Why Coincidences Aren't All That Surprising

Hey look. There's an object on Mars that, from a certain vantage point, looks just like a squirrel. Must be a space-squirrel, right?

Wrong. Obviously wrong. There is a rock on Mars that, coincidentally, looks rather squirrel-like. Conspiracy theorists love coincidences like these because they come across as highly improbable, or even impossible, suggesting that they're not coincidences at all. But as Michael Stevens explains in the latest installment of Vsauce, coincidences really aren't that surprising, or even rare:

The upshot is that humans have evolved to find meaning in images, sounds and events, even when meaning isn't there (images of Batman, for instance, seem to show up an awful lot), and cognitive biases to reinforce the significance of these experiences in our minds.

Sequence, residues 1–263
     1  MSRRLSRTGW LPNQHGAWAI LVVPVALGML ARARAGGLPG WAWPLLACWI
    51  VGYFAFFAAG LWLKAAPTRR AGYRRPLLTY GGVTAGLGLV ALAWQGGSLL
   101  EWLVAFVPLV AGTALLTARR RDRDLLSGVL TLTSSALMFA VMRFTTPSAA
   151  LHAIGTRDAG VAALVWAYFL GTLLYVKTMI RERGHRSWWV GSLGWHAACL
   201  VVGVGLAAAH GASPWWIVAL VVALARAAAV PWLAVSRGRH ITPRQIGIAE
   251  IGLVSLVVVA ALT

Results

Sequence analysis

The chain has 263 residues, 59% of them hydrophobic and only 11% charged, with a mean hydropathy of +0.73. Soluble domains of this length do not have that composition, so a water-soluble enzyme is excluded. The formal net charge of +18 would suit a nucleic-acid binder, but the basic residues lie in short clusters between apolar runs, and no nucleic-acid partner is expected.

Stevens covers a lot of ground in this characteristically excellent video, but he skipped one of my favorite cognitive biases, which just so happens to be the seed of many a perceived coincidence: The frequency illusion (aka the Baader Meinhoff phenomenon), when a thing you just found out about suddenly seems to crop up everywhere.



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